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Jan. 6 Cop Says Sen. Mike Lee Lied After Pushing to Overturn Election


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Jan. 6 Cop Says Sen. Mike Lee Lied After Pushing to Overturn Election

Hunter Walker
16-20 minutes

April 21, 2022 11:26AM ET

Jan. 6 Cop Says Sen. Mike Lee ‘Lied’ After Pushing to Overturn Election


A group of people affected by the Capitol Attack met with Republican lawmakers after the attack to push for an independent investigation. New revelations have left them fuming

Sen. Mike Lee (R-Utah) in CongressSen. Mike Lee (R-Utah) in Congress

Sen. Mike Lee (R-Utah), in Congress

Bill Clark/CQ Roll Call/AP

In May 2021, people who lived through the Jan. 6 attack on the Capitol came to Republican lawmakers with a straightforward ask: Support the formation of an independent commission to investigate what happened that day and why.

The group included several people who’d been personally — and tragically — affected by the day’s events. Mike Fanone is a former D.C. police officer whose body-camera footage shows supporters of Donald Trump beating him as they attack the Capitol. Harry Dunn was a Capitol Police officer who endured racist abuse during the attack. Sandra Garza was the longtime girlfriend of Capitol Police officer Brian Sicknick, who was attacked during the Capitol violence and died the day after. Gladys Sicknick is Brian’s mother. They hoped a face-to-face meeting would persuade Republican lawmakers to back a real investigation into what went wrong.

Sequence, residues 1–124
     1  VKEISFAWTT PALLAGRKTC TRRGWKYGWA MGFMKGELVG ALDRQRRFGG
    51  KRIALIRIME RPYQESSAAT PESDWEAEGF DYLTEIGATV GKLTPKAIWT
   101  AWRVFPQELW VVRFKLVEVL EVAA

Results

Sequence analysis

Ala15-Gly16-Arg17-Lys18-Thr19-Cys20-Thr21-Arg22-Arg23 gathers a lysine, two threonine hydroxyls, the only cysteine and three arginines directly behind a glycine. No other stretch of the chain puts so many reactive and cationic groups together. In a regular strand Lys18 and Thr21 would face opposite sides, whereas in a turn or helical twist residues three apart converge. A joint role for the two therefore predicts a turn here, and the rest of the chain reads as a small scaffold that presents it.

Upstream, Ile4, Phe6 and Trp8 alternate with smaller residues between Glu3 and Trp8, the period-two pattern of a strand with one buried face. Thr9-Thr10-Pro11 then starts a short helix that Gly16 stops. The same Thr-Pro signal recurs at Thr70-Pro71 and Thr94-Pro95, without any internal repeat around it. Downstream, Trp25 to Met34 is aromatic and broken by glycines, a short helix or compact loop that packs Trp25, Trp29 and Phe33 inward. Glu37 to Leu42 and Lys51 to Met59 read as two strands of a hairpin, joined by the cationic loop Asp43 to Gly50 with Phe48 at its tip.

The meetings did not go as they’d hoped. Sen. Lindsey Graham (R-S.C.), Fanone says, barely paid attention as the officers showed his harrowing body-camera footage from the melee. Sen. Mike Lee (R-Utah) defended Graham’s behavior — and told the group he opposed the commission, as it would be too “partisan.” The next day, Senate Republicans voted to block the commission.

The group came away frustrated. Now, a year later, they’re furious — especially with Lee. Text messages leaked this month reveal Lee was actively working to overturn the election in the weeks before Jan. 6.

Members of the group who shared their accounts with Rolling Stone say they viewed Lee’s excuses for opposing the commission as “appalling,” and they’re accusing him of working to stymie the inquiry in order to cover up his own actions.

Fanone, who resigned from the Washington D.C. Metropolitan Police Department last December, says he feels Lee “lied to my face” and offered a blunt assessment of Lee’s conduct: “Mike Lee is not a politician. He’s a criminal suspect.”

That also, the ex-cop says, goes for “anyone else that may have furthered that attempt at what really was a coup.” Lee did not respond to a request for comment.

Garza, Brian Sicknick’s longtime partner, says she views Lee’s claim that he feared politicizing the attack as a “crap story” and accused Lee and other Republicans of wanting “to cover their tracks.”

“They knew that it was going to open up a lot of stuff that would look bad for them because they were doing stuff behind the scenes,” Garza says.

According to Garza, Lee told the group that one of his reasons for opposing the commission was a desire to focus on the failures of law-enforcement agencies rather than the political challenges to the election. In light of the texts, Garza sees this as a “pathetic” attempt to avoid blame. “He defaulted to that … ‘Oh, let’s just focus on the failures of the [Capitol Police] leadership or the failures of the other law-enforcement agencies so we can take the focus off me, my colleagues, and Trump,’” Garza says. “That’s all that was.”

Garza said former Rep. Barbara Comstock, a Virginia Republican, helped arrange the meetings, which took place last May 27. Comstock did not respond to a request for comment.